Friday, April 3, 2009

Oswego River Perch

Off the wall in Phoenix, New York

Draining the Finger Lakes, Oneida Lake, and numerous creeks and brooks in between, the Oswego River pours down a gentle slope, dropping over 100 feet on its 20-something-mile run to Lake Ontario. And while its last mile or so is famed worldwide for exceptional autumn salmonid runs, the rapids along this mighty stream's entire length draw some fantastic runs of perch each spring.

Spawned by the marriage of the Seneca and Oneida Rivers in the hamlet of Three Rivers, the Oswego flows leisurely for its first few miles. In the village of Phoenix, it comes to its first drop and dives about 10 feet, creating heavy current; a siren's song for ice-out perch.

Oh, they're in the canal below the village's northernmost lock all winter long and locals drill through the ice to get at ‘em. But when the river swells with snowmelt, the heavy current sets them into high gear, drawing them to Phoenix from as far away as the upper dam in Fulton. When they arrive, they roam around looking for a way further upstream and sweep in and out of the slow moving water in the lock's channel.

Anglers have been getting their daily limits of 50 for over a week now, and the action is expected to last for another two to three weeks. This year the game is noticeably larger than in the past, typically ranging from seven to 10 inches long.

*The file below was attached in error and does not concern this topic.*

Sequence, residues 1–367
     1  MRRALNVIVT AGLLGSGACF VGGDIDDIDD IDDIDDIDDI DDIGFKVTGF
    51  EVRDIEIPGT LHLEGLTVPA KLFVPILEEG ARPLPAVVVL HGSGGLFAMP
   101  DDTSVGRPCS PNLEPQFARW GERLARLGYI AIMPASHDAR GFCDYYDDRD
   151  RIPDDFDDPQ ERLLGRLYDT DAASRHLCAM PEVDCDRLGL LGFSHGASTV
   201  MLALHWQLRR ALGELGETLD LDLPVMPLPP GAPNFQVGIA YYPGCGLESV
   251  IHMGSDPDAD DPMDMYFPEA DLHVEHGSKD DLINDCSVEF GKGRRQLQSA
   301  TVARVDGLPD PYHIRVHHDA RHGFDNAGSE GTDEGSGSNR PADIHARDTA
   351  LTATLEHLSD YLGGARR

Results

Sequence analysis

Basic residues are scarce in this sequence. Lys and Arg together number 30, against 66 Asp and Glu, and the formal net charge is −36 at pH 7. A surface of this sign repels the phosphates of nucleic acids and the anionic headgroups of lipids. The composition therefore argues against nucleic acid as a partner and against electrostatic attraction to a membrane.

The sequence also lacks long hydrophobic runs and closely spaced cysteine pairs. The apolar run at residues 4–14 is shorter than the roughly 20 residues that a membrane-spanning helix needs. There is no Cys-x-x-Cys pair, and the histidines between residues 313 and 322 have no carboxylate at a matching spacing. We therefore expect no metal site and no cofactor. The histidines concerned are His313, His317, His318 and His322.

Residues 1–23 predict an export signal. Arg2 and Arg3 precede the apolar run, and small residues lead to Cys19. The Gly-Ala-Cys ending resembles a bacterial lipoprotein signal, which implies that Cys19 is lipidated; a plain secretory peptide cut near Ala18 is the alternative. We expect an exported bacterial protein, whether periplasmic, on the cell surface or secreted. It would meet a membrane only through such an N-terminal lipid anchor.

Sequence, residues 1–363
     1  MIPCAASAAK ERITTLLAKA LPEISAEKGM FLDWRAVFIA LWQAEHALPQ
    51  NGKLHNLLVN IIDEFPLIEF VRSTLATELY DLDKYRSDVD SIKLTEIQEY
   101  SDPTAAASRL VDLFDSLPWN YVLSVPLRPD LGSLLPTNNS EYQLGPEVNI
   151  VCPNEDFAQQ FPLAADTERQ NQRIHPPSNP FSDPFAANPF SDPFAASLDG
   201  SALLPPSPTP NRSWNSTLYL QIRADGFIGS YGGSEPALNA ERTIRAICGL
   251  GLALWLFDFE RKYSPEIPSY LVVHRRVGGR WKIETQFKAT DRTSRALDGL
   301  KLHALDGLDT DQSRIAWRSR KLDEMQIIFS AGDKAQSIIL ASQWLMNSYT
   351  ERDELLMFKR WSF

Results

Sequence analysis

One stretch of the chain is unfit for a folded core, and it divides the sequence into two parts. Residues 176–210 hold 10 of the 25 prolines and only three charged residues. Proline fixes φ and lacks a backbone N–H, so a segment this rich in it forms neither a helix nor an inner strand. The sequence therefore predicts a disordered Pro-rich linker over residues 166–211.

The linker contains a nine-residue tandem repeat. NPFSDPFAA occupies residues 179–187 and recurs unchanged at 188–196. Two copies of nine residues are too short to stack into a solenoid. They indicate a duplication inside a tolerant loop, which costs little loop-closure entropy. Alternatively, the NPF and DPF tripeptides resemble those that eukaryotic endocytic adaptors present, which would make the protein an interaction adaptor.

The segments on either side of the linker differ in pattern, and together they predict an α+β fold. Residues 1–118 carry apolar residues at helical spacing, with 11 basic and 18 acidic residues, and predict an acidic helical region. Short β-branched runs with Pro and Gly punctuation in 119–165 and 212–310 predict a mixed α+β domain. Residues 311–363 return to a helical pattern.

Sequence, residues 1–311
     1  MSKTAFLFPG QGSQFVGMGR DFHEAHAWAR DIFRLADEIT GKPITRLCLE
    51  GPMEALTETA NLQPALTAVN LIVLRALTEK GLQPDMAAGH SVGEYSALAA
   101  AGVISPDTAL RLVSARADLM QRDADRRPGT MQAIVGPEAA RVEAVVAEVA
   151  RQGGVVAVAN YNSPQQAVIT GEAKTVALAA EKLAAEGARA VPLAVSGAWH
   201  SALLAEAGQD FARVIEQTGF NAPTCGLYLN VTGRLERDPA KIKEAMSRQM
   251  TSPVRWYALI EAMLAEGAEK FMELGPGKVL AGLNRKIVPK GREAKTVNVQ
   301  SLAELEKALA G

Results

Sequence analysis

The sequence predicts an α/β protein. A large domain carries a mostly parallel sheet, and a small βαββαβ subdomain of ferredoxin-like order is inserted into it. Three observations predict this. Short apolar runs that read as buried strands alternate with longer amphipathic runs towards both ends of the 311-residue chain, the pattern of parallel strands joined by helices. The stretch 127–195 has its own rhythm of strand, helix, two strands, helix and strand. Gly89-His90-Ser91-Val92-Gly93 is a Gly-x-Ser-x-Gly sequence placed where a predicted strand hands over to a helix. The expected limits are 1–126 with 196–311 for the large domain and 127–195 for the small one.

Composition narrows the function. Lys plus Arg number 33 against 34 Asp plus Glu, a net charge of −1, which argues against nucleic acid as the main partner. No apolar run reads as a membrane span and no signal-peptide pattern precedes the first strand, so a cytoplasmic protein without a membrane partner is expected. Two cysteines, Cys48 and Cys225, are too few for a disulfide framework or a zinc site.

Minnows, spikes and mousies work best right now. By the middle of the month, worms will be effective, too. Fish on bottom, or suspend your bait below a bobber and set it three to six inches off the floor.

Perch will be drawn to the rapids in Fulton and Minetto, too. Unfortunately, access isn't as easy as in Phoenix where there's several hundred yards of shore access with parking. Still, dedicated anglers hike trails down to the bottom of the locks in Fulton; while gung-ho perchers have been known to fish the Minetto area in hand-launched boats.

Gallon for gallon, the city of Oswego offers more easy access than all the other spots combined. However, the action usually starts a little later than upstream. But that's cool, since most anglers are still fishing for steelies right now.

When the perch start hitting in a few days they'll be active all over town, from the pockets and eddies in the rapids to the canal, harbor and Wrights Landing. What's more, they'll be joined by crappies and sunfish in Wright's Landing; and rock bass the size of small frying-pans will move into the marina area in May.

Oswego Salmon Shop's Larry Muroski says "bullheads are being taken at night below Breitbeck Park on leeches, nightcrawlers and redworms."

Spring delicacy from the bottom of Phoenix, New York

Another one for the bucket...

April Steelheading in the city of Oswego.

Kyle Wright to Speak
Onondaga Audubon, the group that brought you Derby Hill Bird Observatory (see post "Raptor Row," March 24, 2009), announces Kyle Wright, official hawk watcher at DHBO, will give a presentation at the April, 15, 2009 monthly meeting, to be held at Beaver Lake Nature Center, 8477 Mud Lake Road, Baldwinsville; 315-638-2519. Mr. Wright's program will focus on work he's done in the past in places stretching from Newfoundland to Hawaii. For more info, contact Gerry Smith, Onondaga Audubon President, 315-771-6902.

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